When Arnault had finished his engineering studies at France’s prestigious École Polytechnique in 1971, he joined the family public works and construction company, then run by his father Jean, and became its chairman within five years. “I was 25, I didn’t have any experience, and my father put his company in my hands,” he recalls. Arnault’s memories are responsible for shaping his views on passing on the family business. “If my children work with me one day, they have to deserve it. And if they do, and they like the business, then they will be part of it,” he says.
Arnault’s children from his first marriage already work at LVMH. Along with Delphine, Antoine Arnault, 31, joined Louis Vuitton’s advertising department three years ago, having run his own Internet company for two years after finishing college. For him, there was never any doubt over where his future lay. “Growing up, I’d always visit boutiques with my father on the weekends,” says Antoine, who is now Vuitton’s communications director. “I knew I’d work for my father’s company and so, if I was going to, why not start right away or I’d be wasting time.”
The luxury goods industry’s last major slump occurred in late 2001, in the wake of the 11 September terrorist attacks in New York. At that time, Arnault had just emerged from his second big corporate battle, a legal tug of war with François Pinault, then chairman of PPR, over control of Italian fashion house Gucci. PPR ended up winning the battle, settling with LVMH and gaining a majority stake in Gucci, though it was a pyrrhic victory: The deal was inked on 10 September 2001, and the industry proceeded to take a two-year dive. The battle didn’t do much for either man’s reputation for sportsmanship either: A cold war ensued, with Arnault and Pinault trying to outdo each other in business, art and the press.
The post-2001 downturn hit LVMH hard, almost wiping out the company’s profits. Arnault responded by expanding the geographical reach of LVMH’s key brands—in particular Louis Vuitton’s. The idea was to compensate for sluggish growth in the mature markets of Europe and the US with the vibrant consumer-driven economies of China and India. In emerging markets, Vuitton has quickly built cachet by selling recognizable LV-logoed handbags that have resonated with the rising middle class.
Meanwhile, Vuitton has been fine-tuning its image and offerings, particularly in the US and Europe. After hiring Jacobs to the label, Vuitton succeeded in attracting younger consumers to what, by the early 1990s, had become a staid, grandmotherly brand. Vuitton teamed up with artists, tapping into the New York street-cool set with scruffy graffiti-patterned handbags designed by the late Stephen Sprouse (a new limited edition of Sprouse-inspired handbags hit the stores again in January). Vuitton has hired celebrities—from Jennifer Lopez to Scarlett Johansson and Madonna—for its ad campaigns. “My father has many talents, but his best is marketing,” Antoine says.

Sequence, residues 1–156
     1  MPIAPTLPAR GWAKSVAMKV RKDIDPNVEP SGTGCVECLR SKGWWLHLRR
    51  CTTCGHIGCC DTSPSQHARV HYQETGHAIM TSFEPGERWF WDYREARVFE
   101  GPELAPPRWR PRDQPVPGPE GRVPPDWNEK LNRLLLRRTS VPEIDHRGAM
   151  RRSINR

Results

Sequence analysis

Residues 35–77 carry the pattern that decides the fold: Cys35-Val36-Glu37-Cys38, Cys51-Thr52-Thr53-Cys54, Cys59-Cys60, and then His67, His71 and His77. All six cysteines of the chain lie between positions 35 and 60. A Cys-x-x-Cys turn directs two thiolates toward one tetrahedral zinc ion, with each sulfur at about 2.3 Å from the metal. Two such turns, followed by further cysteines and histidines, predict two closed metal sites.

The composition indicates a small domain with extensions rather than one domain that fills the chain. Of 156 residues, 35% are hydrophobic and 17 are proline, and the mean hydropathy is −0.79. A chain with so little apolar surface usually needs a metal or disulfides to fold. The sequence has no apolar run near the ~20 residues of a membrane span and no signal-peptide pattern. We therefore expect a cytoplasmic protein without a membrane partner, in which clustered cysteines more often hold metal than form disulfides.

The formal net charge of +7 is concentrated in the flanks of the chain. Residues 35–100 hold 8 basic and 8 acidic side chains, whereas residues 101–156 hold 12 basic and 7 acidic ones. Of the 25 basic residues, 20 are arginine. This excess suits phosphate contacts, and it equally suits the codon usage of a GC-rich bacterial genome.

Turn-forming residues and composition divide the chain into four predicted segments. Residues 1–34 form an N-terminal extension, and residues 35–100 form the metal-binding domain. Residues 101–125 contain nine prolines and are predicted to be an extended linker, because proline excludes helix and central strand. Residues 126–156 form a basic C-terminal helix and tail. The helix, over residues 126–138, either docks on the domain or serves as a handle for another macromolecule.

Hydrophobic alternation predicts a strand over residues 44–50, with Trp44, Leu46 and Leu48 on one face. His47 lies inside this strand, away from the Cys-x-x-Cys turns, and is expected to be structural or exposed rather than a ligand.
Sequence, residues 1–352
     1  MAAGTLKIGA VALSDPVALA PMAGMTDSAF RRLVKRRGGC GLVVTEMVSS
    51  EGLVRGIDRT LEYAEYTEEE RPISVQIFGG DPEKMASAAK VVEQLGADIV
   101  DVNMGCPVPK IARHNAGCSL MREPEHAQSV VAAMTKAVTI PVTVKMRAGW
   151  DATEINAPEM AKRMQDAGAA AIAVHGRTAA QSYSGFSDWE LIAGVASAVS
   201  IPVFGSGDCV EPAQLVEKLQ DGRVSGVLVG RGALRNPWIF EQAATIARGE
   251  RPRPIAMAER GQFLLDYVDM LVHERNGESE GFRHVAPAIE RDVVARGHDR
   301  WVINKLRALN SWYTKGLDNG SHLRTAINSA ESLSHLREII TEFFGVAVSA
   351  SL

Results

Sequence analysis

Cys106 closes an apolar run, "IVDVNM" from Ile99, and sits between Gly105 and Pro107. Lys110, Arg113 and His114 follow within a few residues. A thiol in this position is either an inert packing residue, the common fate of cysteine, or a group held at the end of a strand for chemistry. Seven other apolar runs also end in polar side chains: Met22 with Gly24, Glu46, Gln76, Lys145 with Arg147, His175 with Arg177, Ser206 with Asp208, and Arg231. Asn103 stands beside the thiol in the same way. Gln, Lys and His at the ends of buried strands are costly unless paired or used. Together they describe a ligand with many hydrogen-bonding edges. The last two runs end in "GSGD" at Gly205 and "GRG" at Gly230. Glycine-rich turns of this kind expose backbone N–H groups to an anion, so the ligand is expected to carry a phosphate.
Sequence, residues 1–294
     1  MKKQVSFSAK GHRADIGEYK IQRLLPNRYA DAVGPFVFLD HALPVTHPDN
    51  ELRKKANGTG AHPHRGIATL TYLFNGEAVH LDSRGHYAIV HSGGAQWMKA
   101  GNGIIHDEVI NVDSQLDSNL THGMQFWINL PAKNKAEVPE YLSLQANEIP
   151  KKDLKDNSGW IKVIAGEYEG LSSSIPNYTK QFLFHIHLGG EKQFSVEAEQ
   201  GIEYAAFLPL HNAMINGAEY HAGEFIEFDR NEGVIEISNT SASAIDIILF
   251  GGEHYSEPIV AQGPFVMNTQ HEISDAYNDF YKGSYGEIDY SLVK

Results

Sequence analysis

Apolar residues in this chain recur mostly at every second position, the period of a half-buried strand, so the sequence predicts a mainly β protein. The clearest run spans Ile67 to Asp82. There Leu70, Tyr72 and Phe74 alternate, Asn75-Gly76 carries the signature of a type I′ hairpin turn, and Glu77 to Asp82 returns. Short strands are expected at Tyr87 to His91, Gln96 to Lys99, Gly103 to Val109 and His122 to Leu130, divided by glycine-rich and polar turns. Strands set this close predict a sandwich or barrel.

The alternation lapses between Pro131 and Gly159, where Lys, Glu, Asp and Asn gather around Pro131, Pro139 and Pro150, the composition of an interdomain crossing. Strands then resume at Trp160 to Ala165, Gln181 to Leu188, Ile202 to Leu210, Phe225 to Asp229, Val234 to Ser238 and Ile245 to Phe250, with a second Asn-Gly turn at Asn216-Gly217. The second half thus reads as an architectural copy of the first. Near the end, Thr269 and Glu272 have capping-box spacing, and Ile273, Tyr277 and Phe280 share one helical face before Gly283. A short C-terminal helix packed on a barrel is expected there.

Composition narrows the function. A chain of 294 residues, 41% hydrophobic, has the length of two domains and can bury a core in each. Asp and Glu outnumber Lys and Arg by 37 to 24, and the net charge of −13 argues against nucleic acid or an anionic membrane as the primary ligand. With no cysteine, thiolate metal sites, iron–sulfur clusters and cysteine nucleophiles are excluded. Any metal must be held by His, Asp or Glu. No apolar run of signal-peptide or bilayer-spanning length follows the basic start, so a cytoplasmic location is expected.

Around the time Antoine joined, Vuitton executives were beginning to wonder whether the label had become too much trend and too little substance. The concept behind the so-called “core values” advertising campaign that ensued, says Antoine, was that “10 years after Jacobs, we wanted to recreate a balance and talk to our core consumers as well”.
The campaign, which continues today, has featured Mikhail Gorbachev, Sean Connery and Keith Richards (who agreed to be photographed after Vuitton promised him a custom-made monogrammed guitar), among others. In the ads, the bags are hardly visible and the tag line evokes the idea of life as a journey. “When I first went to my father with the suggestion that we use Gorbachev for one of our ads, he looked at me as if I was crazy,” says Antoine, a poker aficionado who drives a hybrid car. “But he’s the one who taught me never to give up.”
Arnault’s role—as an international businessman and member of the French corporate elite—has shifted into higher gear over the past few years. He bought a luxury five-star hotel called Cheval Blanc in the French ski resort of Courchevel (where he uses the top floor when he vacations there with his family) and France’s biggest financial newspaper, Les Échos. Arnault has been increasing his investment in Carrefour—which is the world’s second largest retailer after Wal-Mart—and today he’s the company’s largest shareholder together with Colony Capital property fund.
In mid-January, Arnault took the self-assured, politically charged world of French business by surprise by sitting down for a reconciliatory lunch with his arch nemesis, Pinault. The two hadn’t spoken for a decade. The lunch was leaked and splashed on the front page of French newspaper Le Figaro.
The two men’s wives may have brought the rivals together; Mercier says that she and Pinault’s wife had met at an art exhibit and agreed it was time for a truce. “We both went back and told our husbands that we had met and embraced,” Mercier says. According to people close to both sides, the lunch—which was organized by Albert Frère, a top Belgian banker and Arnault’s best friend—was merely a cordial gathering to patch up old differences. The explanation was not entirely convincing. Were the two collaborating on a new business deal, Paris wondered? Or, at a time of profound uncertainty for the world economy, were the two luxury goods supremos swapping thoughts and strategy? Whatever their past enmity, the contemporary economy appears to be a much greater foe.
THE WALL STREET JOURNAL